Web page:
Ian Blackmer/ Diversified Agriculture & Natural Resources
Growing up in southern Vermont, Ian Blackmer’s playground was always the woods around his home and in his town. It was in those woods that he learned about identifying trees, tracking wildlife, fishing, logging, sugaring, and feeling at peace in a natural setting. This became a real basis for his love of the land, and this has developed into a life-long commitment and passion for carefully managing natural resources for the future. If you combine this experience with the fact that he comes from a family of educators, then you can see why teaching Diversified Agriculture and Natural Resources at River Bend Career and Technical Center is a natural evolution!
After high school, Ian enrolled at the University of Vermont (UVM) in the Forestry and Natural Resources program. In his second year, however, he transferred his major to UVM’s Agriculture Education program, feeling that he might really like to teach others what he was learning about managing the land. He continued his education at the State University of New York at Cobleskill (SUNY) and earned a degree in Agricultural and Industrial Mechanics, giving him a solid mechanical background, as well as his understanding of the science of natural resources management.
Teaching, after SUNY, however, took a backburner spot in Ian’s life, as he spent the next twenty years working in construction and in the Vermont ski industry. Toward the end of his ski area work, Ian came to the realization that he needed a more meaningful career direction in his life. Teaching others seemed to be pulling at him, and it just so happened that a position opened at the Randolph Technical Career Center in Randolph, VT. Ian became the Agricultural Mechanics instructor at the Center, which also included welding, fabrication and work with alternative energy sources. It was at this point that Ian knew teaching was the place he needed to be!
While at the Center in Randolph, Ian and his family started a small “market farm” on their land, something that Ian looked at as a form of “homesteading”. The farm grew and eventually Ian was faced with a decision of either being a full-time farmer, or a full-time agriculture teacher. He stepped away from teaching and for over a year, went into farming full-time; but during that time he found that he greatly missed teaching students about natural resources and agriculture. It so happened that both of Ian’s daughters, after receiving their college degrees, had found their way into the agriculture field, both becoming very active in the Vermont local food movement. The Diversified Agriculture and Natural Resources teaching position at River Bend Career and Technical Center became available in 2017. Ian applied and got the job. This would not have been possible without transitioning the management of the farm to one of his daughters, thus giving him the opportunity to return to teaching full-time, something that he truly loves!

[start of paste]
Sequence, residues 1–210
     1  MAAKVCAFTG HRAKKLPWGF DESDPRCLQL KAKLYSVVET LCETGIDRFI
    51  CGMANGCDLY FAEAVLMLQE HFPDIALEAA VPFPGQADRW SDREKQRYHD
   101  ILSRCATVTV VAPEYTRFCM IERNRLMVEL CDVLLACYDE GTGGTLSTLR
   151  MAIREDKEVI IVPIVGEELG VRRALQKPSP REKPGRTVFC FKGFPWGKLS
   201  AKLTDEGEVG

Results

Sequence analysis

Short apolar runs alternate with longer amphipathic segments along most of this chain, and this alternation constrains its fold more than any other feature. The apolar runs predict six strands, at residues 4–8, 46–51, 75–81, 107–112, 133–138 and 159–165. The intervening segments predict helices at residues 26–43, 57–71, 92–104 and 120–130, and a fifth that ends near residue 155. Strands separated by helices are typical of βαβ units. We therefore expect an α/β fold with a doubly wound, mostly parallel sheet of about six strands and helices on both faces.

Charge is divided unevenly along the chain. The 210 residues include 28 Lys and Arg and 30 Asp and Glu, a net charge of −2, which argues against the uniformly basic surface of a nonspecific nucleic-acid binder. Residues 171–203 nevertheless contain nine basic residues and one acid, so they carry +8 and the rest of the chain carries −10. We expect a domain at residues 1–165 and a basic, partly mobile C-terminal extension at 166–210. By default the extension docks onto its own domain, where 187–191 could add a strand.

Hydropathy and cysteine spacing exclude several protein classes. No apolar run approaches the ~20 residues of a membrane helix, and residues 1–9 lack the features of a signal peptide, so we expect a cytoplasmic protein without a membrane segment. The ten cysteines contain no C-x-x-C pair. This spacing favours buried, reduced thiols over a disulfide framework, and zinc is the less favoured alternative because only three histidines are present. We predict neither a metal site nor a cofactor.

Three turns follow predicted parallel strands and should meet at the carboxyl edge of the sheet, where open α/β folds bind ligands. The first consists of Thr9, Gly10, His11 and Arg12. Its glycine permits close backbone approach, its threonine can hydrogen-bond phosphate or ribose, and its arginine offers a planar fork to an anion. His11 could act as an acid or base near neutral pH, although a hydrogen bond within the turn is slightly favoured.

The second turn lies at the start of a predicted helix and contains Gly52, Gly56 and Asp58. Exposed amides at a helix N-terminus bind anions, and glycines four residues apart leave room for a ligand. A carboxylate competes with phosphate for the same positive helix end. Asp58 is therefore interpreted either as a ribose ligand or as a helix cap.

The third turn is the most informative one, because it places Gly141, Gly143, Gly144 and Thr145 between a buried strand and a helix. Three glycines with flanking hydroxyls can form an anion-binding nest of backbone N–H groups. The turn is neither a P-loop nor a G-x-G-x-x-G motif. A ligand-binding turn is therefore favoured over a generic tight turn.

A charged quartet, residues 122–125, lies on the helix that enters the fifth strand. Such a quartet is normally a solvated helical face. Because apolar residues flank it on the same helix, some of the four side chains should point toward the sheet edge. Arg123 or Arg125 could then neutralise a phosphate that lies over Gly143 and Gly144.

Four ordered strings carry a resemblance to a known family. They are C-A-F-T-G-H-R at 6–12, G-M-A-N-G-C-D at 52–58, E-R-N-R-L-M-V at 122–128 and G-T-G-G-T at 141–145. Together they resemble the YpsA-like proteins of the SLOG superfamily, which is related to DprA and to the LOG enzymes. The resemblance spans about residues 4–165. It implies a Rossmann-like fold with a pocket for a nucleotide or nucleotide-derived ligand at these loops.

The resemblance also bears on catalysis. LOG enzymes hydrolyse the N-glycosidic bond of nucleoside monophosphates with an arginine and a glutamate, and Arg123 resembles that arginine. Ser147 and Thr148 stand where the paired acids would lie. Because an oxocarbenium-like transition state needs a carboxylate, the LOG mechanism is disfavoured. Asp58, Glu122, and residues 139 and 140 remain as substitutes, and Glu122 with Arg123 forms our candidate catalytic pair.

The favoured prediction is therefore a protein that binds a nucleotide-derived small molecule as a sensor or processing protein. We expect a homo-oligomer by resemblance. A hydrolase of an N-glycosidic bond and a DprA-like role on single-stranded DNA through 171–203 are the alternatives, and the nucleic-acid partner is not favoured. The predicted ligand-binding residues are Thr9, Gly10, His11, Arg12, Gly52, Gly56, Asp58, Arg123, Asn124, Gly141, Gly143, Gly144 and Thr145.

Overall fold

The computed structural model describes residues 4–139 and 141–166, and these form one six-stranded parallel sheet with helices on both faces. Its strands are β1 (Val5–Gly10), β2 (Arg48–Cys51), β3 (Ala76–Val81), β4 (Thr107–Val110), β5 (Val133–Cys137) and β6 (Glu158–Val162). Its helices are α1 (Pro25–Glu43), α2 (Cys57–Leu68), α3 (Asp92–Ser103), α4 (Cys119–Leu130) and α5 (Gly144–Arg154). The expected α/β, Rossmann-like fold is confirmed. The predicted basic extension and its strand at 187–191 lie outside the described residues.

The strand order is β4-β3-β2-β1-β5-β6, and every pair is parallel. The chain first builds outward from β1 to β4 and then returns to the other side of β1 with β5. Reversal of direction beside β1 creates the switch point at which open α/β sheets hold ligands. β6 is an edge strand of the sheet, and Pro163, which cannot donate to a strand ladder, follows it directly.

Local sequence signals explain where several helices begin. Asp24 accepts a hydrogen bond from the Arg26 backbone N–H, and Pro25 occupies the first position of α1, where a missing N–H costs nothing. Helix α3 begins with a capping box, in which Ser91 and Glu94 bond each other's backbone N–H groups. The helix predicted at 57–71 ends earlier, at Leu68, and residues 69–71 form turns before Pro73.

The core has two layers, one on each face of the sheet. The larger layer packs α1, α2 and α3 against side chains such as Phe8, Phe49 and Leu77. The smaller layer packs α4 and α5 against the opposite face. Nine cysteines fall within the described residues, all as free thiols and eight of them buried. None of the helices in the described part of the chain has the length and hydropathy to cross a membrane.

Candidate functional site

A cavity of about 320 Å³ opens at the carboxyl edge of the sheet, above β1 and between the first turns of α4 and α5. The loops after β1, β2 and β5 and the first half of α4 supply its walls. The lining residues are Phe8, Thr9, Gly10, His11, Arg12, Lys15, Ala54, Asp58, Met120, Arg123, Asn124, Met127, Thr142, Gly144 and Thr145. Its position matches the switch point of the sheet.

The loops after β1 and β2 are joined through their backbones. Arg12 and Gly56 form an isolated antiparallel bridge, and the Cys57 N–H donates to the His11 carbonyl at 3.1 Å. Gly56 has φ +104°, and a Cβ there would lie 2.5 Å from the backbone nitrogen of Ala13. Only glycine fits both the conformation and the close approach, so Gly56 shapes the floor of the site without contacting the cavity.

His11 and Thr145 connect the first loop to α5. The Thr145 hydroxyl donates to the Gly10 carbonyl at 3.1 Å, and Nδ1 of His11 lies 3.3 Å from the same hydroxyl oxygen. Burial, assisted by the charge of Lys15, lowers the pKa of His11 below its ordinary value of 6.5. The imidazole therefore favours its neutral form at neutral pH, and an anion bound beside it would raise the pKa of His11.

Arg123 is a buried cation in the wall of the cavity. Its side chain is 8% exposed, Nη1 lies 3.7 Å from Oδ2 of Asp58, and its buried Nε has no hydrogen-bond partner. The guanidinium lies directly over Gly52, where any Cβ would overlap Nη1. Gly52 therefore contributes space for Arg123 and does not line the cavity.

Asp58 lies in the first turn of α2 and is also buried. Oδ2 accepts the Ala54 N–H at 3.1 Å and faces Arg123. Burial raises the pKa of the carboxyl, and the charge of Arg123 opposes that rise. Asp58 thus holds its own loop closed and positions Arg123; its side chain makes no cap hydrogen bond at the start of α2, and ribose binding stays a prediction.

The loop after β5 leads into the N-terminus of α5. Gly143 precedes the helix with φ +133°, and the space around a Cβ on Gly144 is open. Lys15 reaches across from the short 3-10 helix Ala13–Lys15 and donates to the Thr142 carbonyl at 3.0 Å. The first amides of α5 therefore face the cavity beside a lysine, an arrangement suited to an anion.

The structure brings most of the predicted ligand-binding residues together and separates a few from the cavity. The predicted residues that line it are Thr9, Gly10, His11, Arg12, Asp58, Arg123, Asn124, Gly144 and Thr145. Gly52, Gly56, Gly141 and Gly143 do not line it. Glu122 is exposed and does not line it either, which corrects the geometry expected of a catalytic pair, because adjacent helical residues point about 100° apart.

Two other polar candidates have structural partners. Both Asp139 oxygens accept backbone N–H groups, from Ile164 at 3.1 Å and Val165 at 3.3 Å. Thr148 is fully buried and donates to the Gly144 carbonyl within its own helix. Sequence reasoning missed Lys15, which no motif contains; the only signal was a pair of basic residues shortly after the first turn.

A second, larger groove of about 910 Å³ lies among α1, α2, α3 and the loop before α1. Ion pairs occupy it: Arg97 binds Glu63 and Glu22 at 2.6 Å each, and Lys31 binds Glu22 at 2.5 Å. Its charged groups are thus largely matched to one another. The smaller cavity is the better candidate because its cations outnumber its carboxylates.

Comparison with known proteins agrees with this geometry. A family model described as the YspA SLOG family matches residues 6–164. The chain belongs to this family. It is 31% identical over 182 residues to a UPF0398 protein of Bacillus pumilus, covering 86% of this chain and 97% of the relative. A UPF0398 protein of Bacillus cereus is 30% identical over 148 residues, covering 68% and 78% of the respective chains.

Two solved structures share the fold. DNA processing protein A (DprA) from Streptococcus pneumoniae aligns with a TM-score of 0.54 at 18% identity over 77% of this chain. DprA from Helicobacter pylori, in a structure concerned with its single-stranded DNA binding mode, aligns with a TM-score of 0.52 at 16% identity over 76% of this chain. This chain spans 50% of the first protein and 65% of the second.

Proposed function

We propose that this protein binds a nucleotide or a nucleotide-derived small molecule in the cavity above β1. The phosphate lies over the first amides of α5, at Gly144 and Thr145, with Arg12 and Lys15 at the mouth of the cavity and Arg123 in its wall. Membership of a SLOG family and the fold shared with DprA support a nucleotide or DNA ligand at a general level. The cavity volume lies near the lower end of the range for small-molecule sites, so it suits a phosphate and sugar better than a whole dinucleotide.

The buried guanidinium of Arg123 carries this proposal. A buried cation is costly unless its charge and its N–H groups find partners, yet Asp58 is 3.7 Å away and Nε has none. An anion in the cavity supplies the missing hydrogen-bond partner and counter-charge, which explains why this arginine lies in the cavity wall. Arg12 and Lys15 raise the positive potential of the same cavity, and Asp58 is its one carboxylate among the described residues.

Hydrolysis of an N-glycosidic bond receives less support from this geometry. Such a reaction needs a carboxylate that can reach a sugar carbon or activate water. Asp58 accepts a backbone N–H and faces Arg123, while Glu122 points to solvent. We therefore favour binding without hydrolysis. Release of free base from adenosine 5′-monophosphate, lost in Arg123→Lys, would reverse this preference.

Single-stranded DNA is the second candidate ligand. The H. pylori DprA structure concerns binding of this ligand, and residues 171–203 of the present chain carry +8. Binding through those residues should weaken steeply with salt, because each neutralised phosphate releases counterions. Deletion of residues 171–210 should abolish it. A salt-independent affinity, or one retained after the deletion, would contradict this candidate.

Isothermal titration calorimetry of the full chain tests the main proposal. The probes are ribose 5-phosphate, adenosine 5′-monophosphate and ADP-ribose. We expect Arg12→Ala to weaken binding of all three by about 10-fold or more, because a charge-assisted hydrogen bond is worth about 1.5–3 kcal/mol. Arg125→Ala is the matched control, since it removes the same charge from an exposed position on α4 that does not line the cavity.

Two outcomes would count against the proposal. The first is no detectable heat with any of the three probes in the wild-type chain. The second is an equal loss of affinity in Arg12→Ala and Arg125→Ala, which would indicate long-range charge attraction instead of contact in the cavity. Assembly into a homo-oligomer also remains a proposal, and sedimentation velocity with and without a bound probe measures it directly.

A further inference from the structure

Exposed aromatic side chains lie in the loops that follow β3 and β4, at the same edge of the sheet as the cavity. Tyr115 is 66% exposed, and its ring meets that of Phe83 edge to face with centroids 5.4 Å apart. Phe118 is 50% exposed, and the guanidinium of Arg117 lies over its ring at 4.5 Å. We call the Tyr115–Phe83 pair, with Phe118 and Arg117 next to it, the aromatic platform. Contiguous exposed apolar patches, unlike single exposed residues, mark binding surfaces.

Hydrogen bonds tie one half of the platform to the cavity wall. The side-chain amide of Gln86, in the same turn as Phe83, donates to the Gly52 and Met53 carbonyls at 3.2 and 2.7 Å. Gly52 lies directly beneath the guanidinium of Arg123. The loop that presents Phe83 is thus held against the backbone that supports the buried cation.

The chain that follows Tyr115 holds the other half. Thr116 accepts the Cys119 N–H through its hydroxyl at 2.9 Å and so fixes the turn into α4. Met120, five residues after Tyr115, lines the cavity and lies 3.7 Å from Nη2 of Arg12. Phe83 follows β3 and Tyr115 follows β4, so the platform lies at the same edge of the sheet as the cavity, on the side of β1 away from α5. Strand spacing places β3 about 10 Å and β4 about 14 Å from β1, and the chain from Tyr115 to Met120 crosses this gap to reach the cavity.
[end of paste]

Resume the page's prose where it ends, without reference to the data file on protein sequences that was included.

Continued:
In addition to exposing students to the natural environment through his curriculum, which is really the highlight of his teaching, Ian enjoys art, gardening, backcountry skiing, mountain biking, and fishing.
The program has benefited from grant funding allowing the purchase of a new portable sawmill, additions to the sugar house, and blacksmithing equipment. He has been able to create great relationships for his students with places like: Root 5 Farm, UVM Extension, the Vermont Agency of Natural Resources, and the people at Northern Woodlands, to name a few. Ian is very appreciative for the support of local community members, as well as state-wide agriculture and natural resources focused organizations.
Students in Ian’s program qualify for industry-recognized standards such as Level 1 and 2 of the nationally known “Game of Logging”; the OSHA10 safety certification, Wilderness First Aid, CPR, and Vermont Trapper and Bow Safety. Students acquire skills related to maple production, logging, plant identification, soil conservation, wildlife management, vegetable and fruit production, tree pruning, welding fabrication and equipment operation. Those students in his program who have gone on to post-secondary education have been attending schools such as: White Mountain Community College, Vermont Technical College, UVM, Paul Smith’s College and Unity College. Some students go to work in the agriculture community right from the program. The opportunities are limitless with training and education, opening up fields such as biology; game warden; farm technician; small business owner; extension agent; forester; or greenhouse operator, to name a few.
One theme that permeates all that takes place in Ian’s classes is a respect for the natural environment, always striving to leave the land better than it was found for the love and use of generations to come!